The HP Elite Dragonfly Chromebook starts at $1,149

HP’s Dragonfly Chromebook is the most exciting Chromebook I’ve seen in a long time. The device, which combines high-end specs with premium hardware design, was announced at CES back in January. And now, HP has finally announced the price of this thing: the consumer version of the Dragonfly Chromebook is expected to ship this summer and will cost – get ready – $1,149.

Okay, so this isn’t as bad as it could have been. As of this writing, the Enterprise model of the Dragonfly is listed at an MSRP of $2,165, which is the highest entry-level price I’ve heard of a Chromebook. Still, $1,149 is…a lot.

For this high price This Dragonfly device is going to include all kinds of high-end features. It will be the first Chromebook to feature Intel’s vPro platform, a staple of high-end business PCs. It also has the world’s first haptic touchpad on a Chromebook, a screen option that can reach a whopping 1,000 nits of brightness, an HDMI port, and 12th Gen Intel processors. Current-gen Intel chips don’t often hit Chromebooks so soon after their release.

Lenovo’s ThinkPad C13 Yoga Chromebook, yet another recent attempt by a company to add a Chromebook option to its established premium business line, started at $909 at the time of its release (and I thought that was pretty high at the time) . Other companies have tried the high-end Chromebook. Samsung has created a beautiful and very red device for $999, and Google’s convertible Pixelbook (also $999) was groundbreaking hardware at the time of its release. Both devices stopped just short of the $1,000 mark, but we still didn’t see great value for money from our testing.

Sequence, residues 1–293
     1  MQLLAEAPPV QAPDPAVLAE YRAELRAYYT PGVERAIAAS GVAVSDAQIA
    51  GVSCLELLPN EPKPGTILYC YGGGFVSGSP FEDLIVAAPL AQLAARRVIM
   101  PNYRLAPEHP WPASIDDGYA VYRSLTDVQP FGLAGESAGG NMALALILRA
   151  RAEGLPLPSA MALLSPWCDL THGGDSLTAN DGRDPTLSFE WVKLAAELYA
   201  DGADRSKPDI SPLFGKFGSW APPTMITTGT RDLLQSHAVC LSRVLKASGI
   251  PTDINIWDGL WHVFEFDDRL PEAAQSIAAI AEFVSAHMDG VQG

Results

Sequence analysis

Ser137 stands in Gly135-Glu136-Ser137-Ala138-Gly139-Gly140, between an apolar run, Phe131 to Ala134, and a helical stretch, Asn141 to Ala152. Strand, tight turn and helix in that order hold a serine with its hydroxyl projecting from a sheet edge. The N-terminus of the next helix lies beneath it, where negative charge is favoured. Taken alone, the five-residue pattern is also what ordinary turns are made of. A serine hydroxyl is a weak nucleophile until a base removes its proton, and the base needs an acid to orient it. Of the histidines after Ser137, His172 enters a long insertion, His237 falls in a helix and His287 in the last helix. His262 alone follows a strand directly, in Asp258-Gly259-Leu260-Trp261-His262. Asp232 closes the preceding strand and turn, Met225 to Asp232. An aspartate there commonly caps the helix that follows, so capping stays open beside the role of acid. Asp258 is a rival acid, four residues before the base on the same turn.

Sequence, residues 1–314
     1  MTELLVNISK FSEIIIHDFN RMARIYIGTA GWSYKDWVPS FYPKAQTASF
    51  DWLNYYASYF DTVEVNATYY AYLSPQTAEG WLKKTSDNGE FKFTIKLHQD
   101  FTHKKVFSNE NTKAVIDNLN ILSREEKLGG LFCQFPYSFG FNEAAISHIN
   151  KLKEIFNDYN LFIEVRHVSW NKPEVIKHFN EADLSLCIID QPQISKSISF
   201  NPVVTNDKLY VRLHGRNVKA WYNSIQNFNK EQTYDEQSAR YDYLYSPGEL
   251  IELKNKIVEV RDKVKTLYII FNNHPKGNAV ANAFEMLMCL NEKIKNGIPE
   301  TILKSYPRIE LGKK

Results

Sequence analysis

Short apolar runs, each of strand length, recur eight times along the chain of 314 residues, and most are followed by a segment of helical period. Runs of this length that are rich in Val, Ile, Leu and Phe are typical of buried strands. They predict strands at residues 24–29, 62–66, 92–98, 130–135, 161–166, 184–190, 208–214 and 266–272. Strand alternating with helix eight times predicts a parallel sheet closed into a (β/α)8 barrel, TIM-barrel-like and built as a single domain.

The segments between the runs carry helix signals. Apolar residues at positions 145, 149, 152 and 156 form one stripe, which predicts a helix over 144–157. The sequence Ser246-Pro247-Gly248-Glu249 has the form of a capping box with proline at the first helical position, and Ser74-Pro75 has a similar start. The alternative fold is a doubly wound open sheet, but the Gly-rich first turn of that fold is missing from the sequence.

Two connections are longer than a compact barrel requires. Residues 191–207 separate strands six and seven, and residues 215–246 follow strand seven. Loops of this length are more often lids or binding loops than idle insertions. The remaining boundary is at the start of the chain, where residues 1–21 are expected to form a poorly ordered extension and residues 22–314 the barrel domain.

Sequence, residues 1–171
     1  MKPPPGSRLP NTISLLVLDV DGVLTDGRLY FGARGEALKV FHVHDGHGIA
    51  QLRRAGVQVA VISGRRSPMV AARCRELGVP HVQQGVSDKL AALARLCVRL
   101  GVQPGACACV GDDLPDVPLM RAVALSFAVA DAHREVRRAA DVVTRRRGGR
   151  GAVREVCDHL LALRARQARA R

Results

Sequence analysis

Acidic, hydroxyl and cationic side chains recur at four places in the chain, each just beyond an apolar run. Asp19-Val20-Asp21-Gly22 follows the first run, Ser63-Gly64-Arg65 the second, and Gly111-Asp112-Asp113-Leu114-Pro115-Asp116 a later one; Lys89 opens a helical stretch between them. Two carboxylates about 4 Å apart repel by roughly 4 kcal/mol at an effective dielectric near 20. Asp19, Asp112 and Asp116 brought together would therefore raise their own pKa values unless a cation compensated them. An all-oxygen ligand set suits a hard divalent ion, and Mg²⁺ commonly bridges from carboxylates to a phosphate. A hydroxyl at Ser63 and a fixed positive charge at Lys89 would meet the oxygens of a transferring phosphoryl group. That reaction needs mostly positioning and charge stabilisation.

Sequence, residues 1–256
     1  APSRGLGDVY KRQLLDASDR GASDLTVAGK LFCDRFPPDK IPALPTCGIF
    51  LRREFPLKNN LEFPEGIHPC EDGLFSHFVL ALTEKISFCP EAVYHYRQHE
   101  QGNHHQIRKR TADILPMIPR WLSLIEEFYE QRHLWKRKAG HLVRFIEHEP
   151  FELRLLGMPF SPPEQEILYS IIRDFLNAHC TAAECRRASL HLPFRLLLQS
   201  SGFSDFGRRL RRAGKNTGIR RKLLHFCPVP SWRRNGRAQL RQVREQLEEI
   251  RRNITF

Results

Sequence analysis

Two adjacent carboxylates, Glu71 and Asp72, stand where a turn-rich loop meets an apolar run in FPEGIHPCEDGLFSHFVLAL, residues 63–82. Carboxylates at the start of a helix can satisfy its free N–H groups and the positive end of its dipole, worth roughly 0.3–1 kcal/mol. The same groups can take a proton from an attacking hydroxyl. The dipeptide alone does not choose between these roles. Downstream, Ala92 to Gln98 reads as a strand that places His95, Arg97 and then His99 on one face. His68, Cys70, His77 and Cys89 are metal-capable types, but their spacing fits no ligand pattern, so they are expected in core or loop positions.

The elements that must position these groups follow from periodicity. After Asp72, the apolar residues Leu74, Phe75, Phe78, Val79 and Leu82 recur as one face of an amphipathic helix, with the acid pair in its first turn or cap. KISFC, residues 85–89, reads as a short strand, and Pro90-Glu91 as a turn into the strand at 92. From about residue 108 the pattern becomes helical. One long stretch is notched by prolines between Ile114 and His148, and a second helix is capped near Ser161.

Also keep in mind that $1,149 is the Dragonfly’s base price. HP tells me this base model will have a Core i3-1215U, 8GB of memory, 128GB of storage, and a QHD+ touch display (which maxes out at 400 nits, not 1,000). That’s very expensive for these specs, even in a Chromebook. And I imagine a lot of people shopping in the Dragonfly price range will probably want more.

An employee uses the HP Elite Dragonfly Chromebook in a coffee shop.

It could be you for just $1,149.
Image: P.S

This puts the Dragonfly Chromebook in a slightly odd space. On the one hand, there aren’t many competing options for high-end Chromebooks. On the other hand, you can buy a very well built Windows laptop with similar specs at this price point. High-end business laptops are generally not good deals. They tend to be an arena where manufacturers can really show off their engineering prowess, which they’re capable of because they’re targeting customers with endless pockets.

That’s not to say there aren’t Chrome OS enthusiasts who would opt for something like an HP Specter, or that there aren’t advantages Google’s OS can claim over Microsoft’s. But for Chrome OS to become commonplace in the C-suite, good hardware won’t be enough; Chrome OS needs to be able to keep up with the software support that Windows currently offers. If the Dragonfly Chromebook is as good as it looks, Chrome OS needs to take the lead, and how good it is could hint at the future of the premium business Chromebook as a category. The HP Elite Dragonfly Chromebook starts at $1,149

Fry Electronics Team

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